The Law Offices of Theodore H. Enfield, P.A. focuses in part on the legal practice area surrounding personal injury. These include personal injuries from various accidents, like those sustained in a Florida automobile accident. In each state, the personal injury laws surrounding car accidents differ slightly. Read on to learn about how such legal matters are treated in the state of Florida:
Auto Accident Cases in Florida
Florida’s statute of limitations for personal injury cases is four years from the date of an accident. This means that the victim of a car accident would have four years to file a personal injury claim. If they wait over four years, they forfeit their right to seek compensation. Although the state of Florida gives victims four years, it is advantageous for victims to seek compensation as soon as possible once they know the extent of the injuries they have sustained.
The Purpose of Seeking Compensation after a Car Accident
Seeking compensation through a personal injury suit isn’t simply a means to get rich. The financial support a victim seeks is compensation for their lost wages, medical bills, and future lost wages or future medical bills due to their injury. In some cases, a person’s injury will heal and they will go on to live a normal life. In other situations, their ability to earn a living is forever altered. If the car accident that caused their injury wasn’t their fault or if the other driver was negligent, then they have the right to seek compensation that will support them throughout their recovery and beyond.
Personal Injury Claims Can Garner Compensation for the Following in Florida
If you were injured in an automobile or motorcycle accident you may be able to collect compensation for:
- Compensation for property that was damaged during the accident.
- Compensation for a disability or permanent disfigurement.
- Compensation for lost wages.
- Compensation for past medical expenses as well as estimated future costs of medical care or rehabilitation.
- Compensation for pain and suffering.
Florida’s PIP Law
Under Florida’s no-fault insurance laws, motorists who suffer injuries in an auto accident may receive compensation to pay their medical bills and lost wages from their own Personal Injury Protection (PIP) policy, no matter who caused the accident. That means after an auto accident, you would first turn to your own PIP policy for compensation.
In order to receive PIP benefits, you must meet certain criteria under Florida law. You must receive medical treatment within 14 days. If you do not have an emergency medical condition (EMC), you can only receive up to $2,500 in PIP benefits. However, if you receive an EMC diagnosis, you may recover up to $10,000.
Bodily Injury Liability Insurance
Bodily injury liability insurance protects you against claims brought by others who suffer injury or death as a result of your negligence. These can include damages for medical bills, lost income, and pain and suffering. This could also include compensation for permanent injury, loss of consortium, and out of pocket expenses such as travel costs for medical care.
Bodily injury liability does not cover your own bodily injury or those of the people named in your policy. Rather, it pays for the other party’s serious injury when you or a named insured causes an accident. Damages to injured parties will be covered up to the limit stated in the policy.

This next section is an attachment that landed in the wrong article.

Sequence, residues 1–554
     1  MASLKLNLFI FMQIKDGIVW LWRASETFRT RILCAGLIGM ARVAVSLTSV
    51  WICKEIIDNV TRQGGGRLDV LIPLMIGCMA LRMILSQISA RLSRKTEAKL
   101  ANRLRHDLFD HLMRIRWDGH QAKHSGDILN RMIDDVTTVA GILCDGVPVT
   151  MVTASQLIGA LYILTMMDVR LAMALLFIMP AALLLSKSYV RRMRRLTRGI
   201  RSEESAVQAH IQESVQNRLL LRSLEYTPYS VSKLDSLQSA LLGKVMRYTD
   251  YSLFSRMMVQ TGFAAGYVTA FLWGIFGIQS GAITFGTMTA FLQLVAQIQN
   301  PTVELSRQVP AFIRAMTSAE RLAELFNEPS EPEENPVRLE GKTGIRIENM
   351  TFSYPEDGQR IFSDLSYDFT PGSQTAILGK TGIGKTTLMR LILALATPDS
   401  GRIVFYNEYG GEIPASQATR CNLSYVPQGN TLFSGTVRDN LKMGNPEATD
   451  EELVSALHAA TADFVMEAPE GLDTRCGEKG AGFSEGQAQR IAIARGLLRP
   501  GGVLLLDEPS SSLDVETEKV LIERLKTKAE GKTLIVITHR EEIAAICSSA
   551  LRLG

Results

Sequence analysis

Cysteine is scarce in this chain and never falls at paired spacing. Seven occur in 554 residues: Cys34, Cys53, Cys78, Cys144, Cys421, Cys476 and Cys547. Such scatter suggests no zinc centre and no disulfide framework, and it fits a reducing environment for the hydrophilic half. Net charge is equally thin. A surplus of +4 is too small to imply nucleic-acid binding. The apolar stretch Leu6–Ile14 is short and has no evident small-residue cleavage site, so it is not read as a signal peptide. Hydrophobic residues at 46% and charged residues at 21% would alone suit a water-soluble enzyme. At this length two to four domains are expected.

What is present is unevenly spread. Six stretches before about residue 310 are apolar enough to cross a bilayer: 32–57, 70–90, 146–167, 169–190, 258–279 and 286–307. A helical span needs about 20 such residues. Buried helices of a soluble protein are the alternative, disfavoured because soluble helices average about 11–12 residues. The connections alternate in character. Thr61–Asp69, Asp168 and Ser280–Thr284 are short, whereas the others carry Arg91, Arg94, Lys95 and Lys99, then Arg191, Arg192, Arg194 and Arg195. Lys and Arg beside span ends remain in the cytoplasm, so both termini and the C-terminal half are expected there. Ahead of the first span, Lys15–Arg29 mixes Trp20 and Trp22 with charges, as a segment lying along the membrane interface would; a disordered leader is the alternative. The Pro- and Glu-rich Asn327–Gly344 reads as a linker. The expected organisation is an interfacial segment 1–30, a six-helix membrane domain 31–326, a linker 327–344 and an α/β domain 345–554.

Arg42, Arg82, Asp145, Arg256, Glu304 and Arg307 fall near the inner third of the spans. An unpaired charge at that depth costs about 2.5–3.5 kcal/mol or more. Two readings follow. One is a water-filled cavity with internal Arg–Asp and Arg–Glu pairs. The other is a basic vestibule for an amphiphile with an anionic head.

Besides covering you (the policy holder) for liability, Bodily injury liability covers injuries that relatives who live with you, and people who drive your car with your permission, are liable for. Bodily injury liability also pays to defend the insured against liability claims.
On the other hand, if you are seriously injured by another driver and that driver has Bodily injury liability coverage, you can file a claim under his or her policy.
Florida does not require bodily injury liability coverage, but most other states do. At a minimum, Florida law requires that any person at fault in a crash resulting in bodily injury to others have “full liability insurance coverage.” This includes a minimum limit of $10,000 for bodily injury liability per person or $20,000 per crash. But because the costs associated with bodily injury are so high, this is seldom enough. Bodily injury coverage ensures that your insurance company pays the maximum amount, up to the policy limit. Having Bodily injury liability coverage protects you financially and protects your personal assets if you are sued for damages by an injured party.
Uninsured and Underinsured Motorist Accidents
After exhausting PIP coverage, if the other driver has no other insurance or an amount of coverage that is insufficient to cover the costs related to your injury, your uninsured or underinsured motorist coverage may be able to cover the damage caused by the negligent party.
Attempting to collect compensation through your uninsured motorist coverage can be complicated and will likely require the assistance of an attorney. Your insurance company may try to limit your payout, based on their own investigation of the accident and how much they believe your claim is worth. If you receive an amount that you believe does not properly cover your losses, your attorney may be able to file a lawsuit against your insurance company in an attempt to recover additional compensation.
Next Step to Take
If you or someone you love have been injured in a Florida auto accident, call us at The Law Offices of Theodore H. Enfield, P.A. We are ready to work for you to ensure you receive the compensation you deserve. Call us today at 954-983-1443 to learn if you have the makings of a successful personal injury case.